Rick Glasby

Broadcast Journalist

Rick Glasby is a Broadcast Journalist at WFIT.  He reports on developments at the Kennedy Space Center, as well as volunteering during WFIT pledge drives.

Rick’s love of radio began at the campus radio station of a small engineering college in upstate New York.  Drafted for the Viet Nam war, he was fortunate to be sent in the opposite direction to host afternoon drive at “The Rock of East Africa” (an American Forces radio station in Asmara, Ethiopia).  He spent the following 10 years working in commercial radio in suburban New York, Fort Pierce, and Daytona Beach.

Rick transitioned to multimedia production (hey, the money was better than radio), and worked for companies in the Washington, DC area, creating interactive marketing and training programs for private sector and government clients.  Upon his return to Florida, he was thrilled to find listener-supported public radio WFIT (89.5 FM).  He had come home.

Ways to Connect



SpaceX is standing down from Saturday's in-flight Crew Dragon launch escape test attempt due to sustained winds and rough seas in the recovery area. They are now targeting Sunday, January 19 from Launch Complex 39A (LC-39A) at NASA’s Kennedy Space Center. This test, which does not have NASA astronauts onboard the spacecraft, is intended to demonstrate Crew Dragon’s ability to reliably carry crew to safety in the unlikely event of an emergency on ascent.


NASA’s commercial crew program suffered a setback this morning at the Cape. After a successful launch of an uncrewed Boeing Starliner spacecraft, and the separation of the Starliner from the Atlas V launch vehicle, an anomaly occurred. NASA Administer Jim Bridenstine spoke at Kennedy Space Center this morning. He explained what happened:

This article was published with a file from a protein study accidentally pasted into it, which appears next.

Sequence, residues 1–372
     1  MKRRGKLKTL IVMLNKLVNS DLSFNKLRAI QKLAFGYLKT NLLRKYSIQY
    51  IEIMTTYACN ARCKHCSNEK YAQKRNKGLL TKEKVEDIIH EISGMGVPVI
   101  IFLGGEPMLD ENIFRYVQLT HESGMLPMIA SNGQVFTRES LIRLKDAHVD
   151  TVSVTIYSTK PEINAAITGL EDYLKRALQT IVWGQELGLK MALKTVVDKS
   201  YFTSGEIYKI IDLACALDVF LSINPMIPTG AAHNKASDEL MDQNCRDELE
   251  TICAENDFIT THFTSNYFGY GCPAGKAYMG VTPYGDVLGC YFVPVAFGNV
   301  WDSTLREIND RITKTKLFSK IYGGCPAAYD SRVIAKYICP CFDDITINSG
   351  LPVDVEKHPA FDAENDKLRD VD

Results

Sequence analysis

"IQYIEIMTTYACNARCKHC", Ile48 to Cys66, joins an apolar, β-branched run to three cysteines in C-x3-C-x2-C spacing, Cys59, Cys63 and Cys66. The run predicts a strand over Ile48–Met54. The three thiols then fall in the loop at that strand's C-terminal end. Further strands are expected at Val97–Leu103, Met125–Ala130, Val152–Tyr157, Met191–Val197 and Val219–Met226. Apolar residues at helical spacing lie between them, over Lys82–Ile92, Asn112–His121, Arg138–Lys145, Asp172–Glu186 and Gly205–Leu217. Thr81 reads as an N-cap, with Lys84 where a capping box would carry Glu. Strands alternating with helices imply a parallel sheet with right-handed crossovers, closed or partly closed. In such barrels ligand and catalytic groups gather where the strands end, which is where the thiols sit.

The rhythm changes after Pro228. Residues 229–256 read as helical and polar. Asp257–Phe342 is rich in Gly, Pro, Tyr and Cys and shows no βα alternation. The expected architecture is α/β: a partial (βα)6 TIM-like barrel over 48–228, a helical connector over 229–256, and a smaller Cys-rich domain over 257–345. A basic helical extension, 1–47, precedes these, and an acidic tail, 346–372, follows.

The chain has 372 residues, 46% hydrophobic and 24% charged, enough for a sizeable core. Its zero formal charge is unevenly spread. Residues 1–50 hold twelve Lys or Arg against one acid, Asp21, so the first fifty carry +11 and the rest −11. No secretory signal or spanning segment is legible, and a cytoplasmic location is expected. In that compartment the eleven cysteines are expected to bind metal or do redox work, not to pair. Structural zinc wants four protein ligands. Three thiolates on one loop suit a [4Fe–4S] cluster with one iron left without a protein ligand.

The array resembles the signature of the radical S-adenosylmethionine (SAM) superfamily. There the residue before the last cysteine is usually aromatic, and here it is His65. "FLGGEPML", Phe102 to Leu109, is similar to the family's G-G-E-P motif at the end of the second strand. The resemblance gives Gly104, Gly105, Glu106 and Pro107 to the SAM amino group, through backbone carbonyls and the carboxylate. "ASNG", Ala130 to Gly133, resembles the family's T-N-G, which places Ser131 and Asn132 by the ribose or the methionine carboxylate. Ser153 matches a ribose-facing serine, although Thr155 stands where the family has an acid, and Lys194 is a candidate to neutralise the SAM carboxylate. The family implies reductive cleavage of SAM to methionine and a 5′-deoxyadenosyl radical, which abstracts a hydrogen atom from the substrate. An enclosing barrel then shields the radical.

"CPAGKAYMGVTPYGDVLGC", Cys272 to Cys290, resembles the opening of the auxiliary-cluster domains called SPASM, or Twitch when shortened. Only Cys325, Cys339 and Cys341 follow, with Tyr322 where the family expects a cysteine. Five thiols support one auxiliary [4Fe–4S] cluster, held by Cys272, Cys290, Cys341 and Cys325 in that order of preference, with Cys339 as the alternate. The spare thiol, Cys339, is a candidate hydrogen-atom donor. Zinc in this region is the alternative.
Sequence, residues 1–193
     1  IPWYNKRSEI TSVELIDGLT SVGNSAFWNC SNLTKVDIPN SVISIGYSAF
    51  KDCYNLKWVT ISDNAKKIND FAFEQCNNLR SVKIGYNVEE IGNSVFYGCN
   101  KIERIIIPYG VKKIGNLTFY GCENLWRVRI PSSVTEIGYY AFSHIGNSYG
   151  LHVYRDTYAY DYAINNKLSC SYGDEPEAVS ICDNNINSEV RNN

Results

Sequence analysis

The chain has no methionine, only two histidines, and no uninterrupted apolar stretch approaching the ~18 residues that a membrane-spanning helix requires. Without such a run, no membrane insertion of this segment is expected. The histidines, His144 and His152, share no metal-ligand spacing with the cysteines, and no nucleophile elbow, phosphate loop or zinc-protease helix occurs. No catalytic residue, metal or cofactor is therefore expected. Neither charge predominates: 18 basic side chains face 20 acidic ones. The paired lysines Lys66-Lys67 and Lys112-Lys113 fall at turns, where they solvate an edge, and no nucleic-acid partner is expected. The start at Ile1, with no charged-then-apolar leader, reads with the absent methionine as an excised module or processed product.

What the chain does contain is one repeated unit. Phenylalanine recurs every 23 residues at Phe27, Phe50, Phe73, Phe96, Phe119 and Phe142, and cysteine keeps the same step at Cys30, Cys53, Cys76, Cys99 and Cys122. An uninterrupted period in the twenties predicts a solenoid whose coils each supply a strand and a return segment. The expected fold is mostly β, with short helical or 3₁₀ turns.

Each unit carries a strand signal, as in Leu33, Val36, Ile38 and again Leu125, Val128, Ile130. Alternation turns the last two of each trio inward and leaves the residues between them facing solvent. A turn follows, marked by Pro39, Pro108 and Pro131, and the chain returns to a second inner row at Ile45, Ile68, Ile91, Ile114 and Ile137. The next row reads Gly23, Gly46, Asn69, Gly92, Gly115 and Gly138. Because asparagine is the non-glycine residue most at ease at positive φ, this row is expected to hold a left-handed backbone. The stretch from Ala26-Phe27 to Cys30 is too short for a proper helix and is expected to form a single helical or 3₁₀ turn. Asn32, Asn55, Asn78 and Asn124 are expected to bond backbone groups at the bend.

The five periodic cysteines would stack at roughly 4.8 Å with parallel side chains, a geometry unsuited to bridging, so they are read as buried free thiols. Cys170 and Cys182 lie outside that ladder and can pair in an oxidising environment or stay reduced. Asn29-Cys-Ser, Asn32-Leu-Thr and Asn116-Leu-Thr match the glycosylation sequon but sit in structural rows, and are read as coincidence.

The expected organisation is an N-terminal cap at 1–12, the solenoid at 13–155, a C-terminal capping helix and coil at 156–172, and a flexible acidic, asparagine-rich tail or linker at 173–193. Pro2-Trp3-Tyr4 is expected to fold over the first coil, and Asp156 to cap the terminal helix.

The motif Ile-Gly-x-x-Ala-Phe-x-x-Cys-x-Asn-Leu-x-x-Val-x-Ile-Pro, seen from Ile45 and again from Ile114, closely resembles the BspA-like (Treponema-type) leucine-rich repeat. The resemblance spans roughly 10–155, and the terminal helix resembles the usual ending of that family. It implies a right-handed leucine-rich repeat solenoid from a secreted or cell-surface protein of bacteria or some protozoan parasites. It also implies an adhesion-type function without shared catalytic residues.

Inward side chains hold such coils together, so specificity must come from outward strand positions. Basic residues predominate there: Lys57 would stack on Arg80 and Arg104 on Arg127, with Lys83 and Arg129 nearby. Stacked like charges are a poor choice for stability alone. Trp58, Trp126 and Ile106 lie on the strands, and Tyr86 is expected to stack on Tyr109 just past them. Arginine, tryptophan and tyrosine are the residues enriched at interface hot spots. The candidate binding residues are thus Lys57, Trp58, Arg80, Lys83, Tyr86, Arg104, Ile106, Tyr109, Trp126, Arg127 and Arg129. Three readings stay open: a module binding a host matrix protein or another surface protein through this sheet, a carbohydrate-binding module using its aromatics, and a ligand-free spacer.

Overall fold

“So we did have some challenges today. When the spacecraft separated from the launch vehicle, we did not get the orbital insertion burn we were hoping for.” 


NASA and Boeing will send a Starliner spacecraft to the International Space Station on an Orbital Test Flight.  The purpose is to certify the craft for a crewed mission early in 2020.  In this video, WFIT's Rick Glasby reports from Kennedy Space Center.


The next rocket launch from the Space Coast is scheduled for Wednesday, December 4th at 12:51PM.  SpaceX is sending a cargo capsule to the International Space Station for NASA.  This is the 19th flight of the Dragon cargo craft to the ISS.  The supply ship will deliver several tons of equipment, including more than a ton of specimens and hardware for scientific experiments.  Shortly after launch, the Falcon 9 rocket's first stage is expected to attempt a landing on SpaceX's drone ship offshore in the Atlantic Ocean.


Join WFIT's Rick Glasby on a tour of historic launch pads at Cape Canaveral Air Force Station.

Update:  Tours of the Cape Canaveral Lighthouse and historic launch pads is also available from Canaveral Tours